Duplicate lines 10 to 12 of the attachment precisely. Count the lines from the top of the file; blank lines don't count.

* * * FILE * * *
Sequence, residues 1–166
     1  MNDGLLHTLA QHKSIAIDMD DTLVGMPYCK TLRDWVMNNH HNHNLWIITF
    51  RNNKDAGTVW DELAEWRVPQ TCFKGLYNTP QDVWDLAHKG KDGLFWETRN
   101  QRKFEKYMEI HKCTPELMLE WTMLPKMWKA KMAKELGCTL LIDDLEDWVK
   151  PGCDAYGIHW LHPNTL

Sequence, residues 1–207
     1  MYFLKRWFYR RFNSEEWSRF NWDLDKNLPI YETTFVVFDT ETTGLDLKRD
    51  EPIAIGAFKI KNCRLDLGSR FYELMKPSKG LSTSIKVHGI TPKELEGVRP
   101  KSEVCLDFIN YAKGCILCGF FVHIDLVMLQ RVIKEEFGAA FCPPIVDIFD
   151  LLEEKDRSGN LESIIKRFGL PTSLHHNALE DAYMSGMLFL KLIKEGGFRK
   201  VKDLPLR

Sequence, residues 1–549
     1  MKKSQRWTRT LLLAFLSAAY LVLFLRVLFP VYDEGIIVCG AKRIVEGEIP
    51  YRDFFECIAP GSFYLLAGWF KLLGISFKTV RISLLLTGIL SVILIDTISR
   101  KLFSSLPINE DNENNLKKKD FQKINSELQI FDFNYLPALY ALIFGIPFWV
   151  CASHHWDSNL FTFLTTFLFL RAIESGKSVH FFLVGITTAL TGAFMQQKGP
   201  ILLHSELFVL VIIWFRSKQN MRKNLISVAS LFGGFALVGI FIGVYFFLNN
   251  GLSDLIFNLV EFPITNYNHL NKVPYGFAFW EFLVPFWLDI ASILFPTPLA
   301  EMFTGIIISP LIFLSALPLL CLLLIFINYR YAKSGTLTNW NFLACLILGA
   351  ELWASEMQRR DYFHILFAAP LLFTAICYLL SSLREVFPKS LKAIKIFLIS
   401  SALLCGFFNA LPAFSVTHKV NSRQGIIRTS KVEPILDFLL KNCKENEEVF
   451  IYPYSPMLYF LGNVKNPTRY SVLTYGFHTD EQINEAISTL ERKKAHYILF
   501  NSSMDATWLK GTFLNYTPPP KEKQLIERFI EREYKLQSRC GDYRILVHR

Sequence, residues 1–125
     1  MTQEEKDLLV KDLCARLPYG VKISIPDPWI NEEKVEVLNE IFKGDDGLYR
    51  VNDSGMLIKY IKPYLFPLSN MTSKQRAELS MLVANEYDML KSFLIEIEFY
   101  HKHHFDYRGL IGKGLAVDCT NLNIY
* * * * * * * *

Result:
   151  LLEEKDRSGN LESIIKRFGL PTSLHHNALE DAYMSGMLFL KLIKEGGFRK
   201  VKDLPLR

Sequence, residues 1–549